- Trucks will exit the market more quickly given depletions in cash, Werner Enterprises CEO Derek Leathers told investors on a Q2 earnings call, detailing the carrier’s ability to benefit from the reduced capacity.
- Executives with the carrier believe smaller trucking firms raked in cash amid 2022’s heyday, federal stimulus and lower fuel cost. But now that abundance of cash is now largely exhausted, Leathers said.
- Based on Werner’s internal analytics on how long the average carrier could stay afloat during the downturn, the TL provider thinks “those months are up,” spurring an “accelerated pace” of truck deactivations, Leathers said.
Federal data suggests that over 110,000 net deactivations have occurred for nearly a year, Werner reported.
Federal Motor Carrier Safety Administration data showed net truck deactivations for 44 consecutive weeks, Leathers said.
“Now they find themselves in an environment with rising interest rates and their finance costs are higher than ever,” said Leathers, who also serves as the carrier’s president and chairman.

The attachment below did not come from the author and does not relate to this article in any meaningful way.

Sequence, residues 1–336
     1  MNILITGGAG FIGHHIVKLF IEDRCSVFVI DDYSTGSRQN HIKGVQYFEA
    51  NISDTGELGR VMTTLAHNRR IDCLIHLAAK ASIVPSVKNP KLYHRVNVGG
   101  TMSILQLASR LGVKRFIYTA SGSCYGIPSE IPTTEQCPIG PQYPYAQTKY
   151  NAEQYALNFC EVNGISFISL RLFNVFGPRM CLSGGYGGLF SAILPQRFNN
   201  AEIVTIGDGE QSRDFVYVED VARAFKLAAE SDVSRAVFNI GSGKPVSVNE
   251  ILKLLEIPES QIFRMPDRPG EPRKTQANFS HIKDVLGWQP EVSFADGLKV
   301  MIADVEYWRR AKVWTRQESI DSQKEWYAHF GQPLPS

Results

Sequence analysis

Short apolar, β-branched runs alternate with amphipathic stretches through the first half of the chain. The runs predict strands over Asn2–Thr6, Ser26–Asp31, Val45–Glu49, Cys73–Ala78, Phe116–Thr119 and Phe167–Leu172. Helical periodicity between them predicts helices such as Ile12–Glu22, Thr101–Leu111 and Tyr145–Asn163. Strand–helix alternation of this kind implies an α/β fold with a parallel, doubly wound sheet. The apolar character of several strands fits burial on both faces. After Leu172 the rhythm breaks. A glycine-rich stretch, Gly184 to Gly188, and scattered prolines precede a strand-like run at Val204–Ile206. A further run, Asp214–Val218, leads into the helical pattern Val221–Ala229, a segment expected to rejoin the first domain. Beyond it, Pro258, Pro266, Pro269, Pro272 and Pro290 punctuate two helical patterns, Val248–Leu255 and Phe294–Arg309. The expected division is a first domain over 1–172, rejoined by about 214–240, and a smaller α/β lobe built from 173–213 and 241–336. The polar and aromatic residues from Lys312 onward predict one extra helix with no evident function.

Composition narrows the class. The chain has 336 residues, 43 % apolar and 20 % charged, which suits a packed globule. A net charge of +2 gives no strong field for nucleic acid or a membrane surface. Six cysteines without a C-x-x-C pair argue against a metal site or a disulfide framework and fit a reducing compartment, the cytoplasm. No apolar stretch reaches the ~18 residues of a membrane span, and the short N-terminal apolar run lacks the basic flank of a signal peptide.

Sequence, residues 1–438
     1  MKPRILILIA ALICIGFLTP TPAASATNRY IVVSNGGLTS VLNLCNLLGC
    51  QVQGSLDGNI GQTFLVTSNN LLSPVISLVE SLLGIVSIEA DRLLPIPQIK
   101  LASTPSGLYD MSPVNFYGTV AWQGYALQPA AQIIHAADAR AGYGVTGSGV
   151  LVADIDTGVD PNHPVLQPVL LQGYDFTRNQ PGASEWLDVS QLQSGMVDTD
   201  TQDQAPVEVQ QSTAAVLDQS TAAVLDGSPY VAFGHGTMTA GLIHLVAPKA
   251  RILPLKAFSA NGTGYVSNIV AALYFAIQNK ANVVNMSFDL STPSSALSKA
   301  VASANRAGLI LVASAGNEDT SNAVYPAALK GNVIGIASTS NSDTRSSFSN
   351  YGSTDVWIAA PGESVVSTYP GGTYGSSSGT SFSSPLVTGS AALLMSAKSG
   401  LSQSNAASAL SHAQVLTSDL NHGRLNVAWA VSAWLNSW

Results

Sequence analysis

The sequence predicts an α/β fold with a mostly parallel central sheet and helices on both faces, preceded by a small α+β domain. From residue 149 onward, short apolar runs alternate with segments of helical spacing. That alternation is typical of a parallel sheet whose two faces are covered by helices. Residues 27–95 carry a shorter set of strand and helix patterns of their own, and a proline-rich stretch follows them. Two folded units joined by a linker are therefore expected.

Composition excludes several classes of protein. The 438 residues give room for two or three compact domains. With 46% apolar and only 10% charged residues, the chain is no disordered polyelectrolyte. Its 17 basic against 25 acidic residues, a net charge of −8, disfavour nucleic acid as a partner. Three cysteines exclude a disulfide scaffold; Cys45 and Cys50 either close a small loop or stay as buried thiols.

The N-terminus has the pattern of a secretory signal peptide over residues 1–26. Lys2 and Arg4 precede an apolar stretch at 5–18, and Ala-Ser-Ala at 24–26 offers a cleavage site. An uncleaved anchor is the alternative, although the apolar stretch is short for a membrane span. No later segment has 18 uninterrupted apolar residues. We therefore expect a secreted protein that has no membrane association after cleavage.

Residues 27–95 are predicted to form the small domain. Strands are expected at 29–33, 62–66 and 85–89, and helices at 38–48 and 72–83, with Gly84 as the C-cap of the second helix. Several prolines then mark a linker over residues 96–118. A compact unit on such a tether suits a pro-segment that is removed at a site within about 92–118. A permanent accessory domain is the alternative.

Others are sharing similar observations.
Transportation tech services provider Motive, formerly KeepTruckin, reported that new carrier starts dropped below 10,000 in July, following a “trend of reverting to 2019 levels and marking a 29% decline since the beginning of the year,” according to a monthly economic report.
Many of those exiting fleets are now involving carriers with five or more vehicles, meaning the downturn is expanding beyond early stages when smaller firms were hit hardest, Motive reported.
Gene Graves of the United Shippers Alliance, an organization which negotiates rates with LTL providers and other transportation, projects hardships for carriers given Yellow’s demise and insurance increases.
“Every year there's always a bunch of small LTL guys” exiting the market, said Graves, the alliance’s executive director. He added that the shakeout could be bigger than most years given the circumstances.
But amid the depressed volume, Graves foresees significant expansion from larger carriers.
“They're gonna get bigger,” he said. “They have the capacity right now. They're building new capacity.”